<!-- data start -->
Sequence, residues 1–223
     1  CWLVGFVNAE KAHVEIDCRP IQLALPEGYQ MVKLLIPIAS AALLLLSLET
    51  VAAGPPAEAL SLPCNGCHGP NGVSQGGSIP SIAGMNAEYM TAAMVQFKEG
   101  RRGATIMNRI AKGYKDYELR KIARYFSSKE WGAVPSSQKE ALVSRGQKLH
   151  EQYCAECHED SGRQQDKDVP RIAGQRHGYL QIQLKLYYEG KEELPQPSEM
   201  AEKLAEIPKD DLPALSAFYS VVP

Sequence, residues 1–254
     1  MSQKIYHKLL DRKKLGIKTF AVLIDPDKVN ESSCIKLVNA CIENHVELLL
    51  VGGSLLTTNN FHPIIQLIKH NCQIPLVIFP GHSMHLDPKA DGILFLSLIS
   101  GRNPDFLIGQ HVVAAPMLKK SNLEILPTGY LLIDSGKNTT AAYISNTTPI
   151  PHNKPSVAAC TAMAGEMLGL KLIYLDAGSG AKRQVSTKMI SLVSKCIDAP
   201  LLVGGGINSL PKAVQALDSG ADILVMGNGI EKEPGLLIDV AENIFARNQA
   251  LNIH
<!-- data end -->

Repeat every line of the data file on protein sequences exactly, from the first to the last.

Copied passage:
Sequence, residues 1–223
     1  CWLVGFVNAE KAHVEIDCRP IQLALPEGYQ MVKLLIPIAS AALLLLSLET
    51  VAAGPPAEAL SLPCNGCHGP NGVSQGGSIP SIAGMNAEYM TAAMVQFKEG
   101  RRGATIMNRI AKGYKDYELR KIARYFSSKE WGAVPSSQKE ALVSRGQKLH
   151  EQYCAECHED SGRQQDKDVP RIAGQRHGYL QIQLKLYYEG KEELPQPSEM
   201  AEKLAEIPKD DLPALSAFYS VVP

Sequence, residues 1–254
     1  MSQKIYHKLL DRKKLGIKTF AVLIDPDKVN ESSCIKLVNA CIENHVELLL
    51  VGGSLLTTNN FHPIIQLIKH NCQIPLVIFP GHSMHLDPKA DGILFLSLIS
   101  GRNPDFLIGQ HVVAAPMLKK SNLEILPTGY LLIDSGKNTT AAYISNTTPI
   151  PHNKPSVAAC TAMAGEMLGL KLIYLDAGSG AKRQVSTKMI SLVSKCIDAP
   201  LLVGGGINSL PKAVQALDSG ADILVMGNGI EKEPGLLIDV AENIFARNQA
   251  LNIH